Join the Meeting Place for Moms!
Talk to other moms, share advice, and have fun!

(minimum 6 characters)

Homeschooling Moms Homeschooling Moms

How do you plan, and then tell your kids what they need to do?

Posted by on Jul. 19, 2014 at 8:13 AM
  • 32 Replies

I can take our cirriculum choices and have a plan, but then how I get that plan to my kids keeps changing because I can't seem to find the best way to do that. 

I want my kids (6th and 7th grades) to be more independent and accountable, but I still need to guide them.  I know someone that emails her kids a list in the morning.  I have tried using a teacher type planner but that was difficult for my younger because there was too much written on there.  I tried making lists with boxes they could check off, I tried computer printed tables.  I ended up writing each subject on one sticky note for my younger, which helped her but was very time consuming for me and I didn't always have it ready when she was ready to start.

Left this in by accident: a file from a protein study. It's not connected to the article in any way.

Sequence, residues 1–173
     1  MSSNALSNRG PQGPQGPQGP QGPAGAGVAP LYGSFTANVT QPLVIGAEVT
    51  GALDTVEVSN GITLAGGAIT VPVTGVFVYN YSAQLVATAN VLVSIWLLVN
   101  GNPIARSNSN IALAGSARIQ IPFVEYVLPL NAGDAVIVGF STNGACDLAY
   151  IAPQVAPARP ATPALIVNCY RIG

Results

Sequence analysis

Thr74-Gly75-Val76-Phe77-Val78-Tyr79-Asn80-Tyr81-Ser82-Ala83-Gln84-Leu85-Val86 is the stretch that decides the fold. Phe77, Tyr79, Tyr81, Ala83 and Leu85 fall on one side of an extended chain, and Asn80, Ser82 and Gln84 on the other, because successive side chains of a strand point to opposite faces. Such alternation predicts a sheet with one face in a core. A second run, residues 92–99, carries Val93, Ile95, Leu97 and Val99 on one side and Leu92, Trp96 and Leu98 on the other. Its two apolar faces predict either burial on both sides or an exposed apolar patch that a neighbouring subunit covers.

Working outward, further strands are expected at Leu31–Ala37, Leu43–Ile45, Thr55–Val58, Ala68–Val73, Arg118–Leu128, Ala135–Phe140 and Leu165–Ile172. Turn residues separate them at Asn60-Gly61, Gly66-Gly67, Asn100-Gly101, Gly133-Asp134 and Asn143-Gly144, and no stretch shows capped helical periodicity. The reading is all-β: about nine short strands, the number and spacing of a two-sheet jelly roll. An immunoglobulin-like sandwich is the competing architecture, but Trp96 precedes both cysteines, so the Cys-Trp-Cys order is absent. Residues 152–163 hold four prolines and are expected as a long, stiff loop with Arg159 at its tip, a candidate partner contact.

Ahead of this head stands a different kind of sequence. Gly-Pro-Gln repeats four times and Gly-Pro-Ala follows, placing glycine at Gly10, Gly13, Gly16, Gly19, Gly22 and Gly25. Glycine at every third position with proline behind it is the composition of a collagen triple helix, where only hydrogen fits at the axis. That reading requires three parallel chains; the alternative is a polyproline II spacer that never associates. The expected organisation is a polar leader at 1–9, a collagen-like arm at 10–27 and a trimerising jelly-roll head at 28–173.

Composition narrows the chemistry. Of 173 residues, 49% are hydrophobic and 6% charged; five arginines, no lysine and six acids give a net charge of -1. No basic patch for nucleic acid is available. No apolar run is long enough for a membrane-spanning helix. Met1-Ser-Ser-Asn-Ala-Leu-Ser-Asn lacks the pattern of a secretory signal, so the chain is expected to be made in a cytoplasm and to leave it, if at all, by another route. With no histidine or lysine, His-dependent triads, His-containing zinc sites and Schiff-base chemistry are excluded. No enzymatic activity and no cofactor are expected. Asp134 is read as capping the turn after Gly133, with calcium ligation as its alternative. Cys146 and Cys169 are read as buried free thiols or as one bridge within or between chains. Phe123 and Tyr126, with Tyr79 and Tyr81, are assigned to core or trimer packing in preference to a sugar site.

I am considering writing each subject for each kid in notebooks (1 subject per kid in each notebook)...but that is a lot of notebooks if it ends up not working.  But it would help to have assignments just outlined and they could just do next on the list in case we need to review or take a day off or something.


So, what do you do?  How well does it work?

by on Jul. 19, 2014 at 8:13 AM
Add your quick reply below:
You must be a member to reply to this post.
Replies (1-10):
Bleacheddecay
by Bronze Member on Jul. 19, 2014 at 9:35 AM

I had them help me pick out materials. If the materials didn't work for them it was their job to find a low or no cost alternative way of studying that subject.